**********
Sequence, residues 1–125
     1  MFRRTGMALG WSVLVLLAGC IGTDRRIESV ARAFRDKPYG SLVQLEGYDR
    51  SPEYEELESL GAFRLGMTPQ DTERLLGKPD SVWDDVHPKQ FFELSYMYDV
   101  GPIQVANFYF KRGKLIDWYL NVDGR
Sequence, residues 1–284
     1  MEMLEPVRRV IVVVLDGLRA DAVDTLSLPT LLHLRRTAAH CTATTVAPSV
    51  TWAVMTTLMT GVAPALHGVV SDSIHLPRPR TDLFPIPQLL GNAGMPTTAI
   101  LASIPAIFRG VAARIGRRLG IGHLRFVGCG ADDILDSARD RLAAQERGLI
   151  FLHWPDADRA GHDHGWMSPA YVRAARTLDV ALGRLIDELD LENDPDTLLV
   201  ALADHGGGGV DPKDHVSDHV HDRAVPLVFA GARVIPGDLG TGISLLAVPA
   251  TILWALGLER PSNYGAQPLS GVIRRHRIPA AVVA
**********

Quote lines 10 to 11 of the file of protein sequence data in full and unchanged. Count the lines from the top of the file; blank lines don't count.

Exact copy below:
   201  ALADHGGGGV DPKDHVSDHV HDRAVPLVFA GARVIPGDLG TGISLLAVPA
   251  TILWALGLER PSNYGAQPLS GVIRRHRIPA AVVA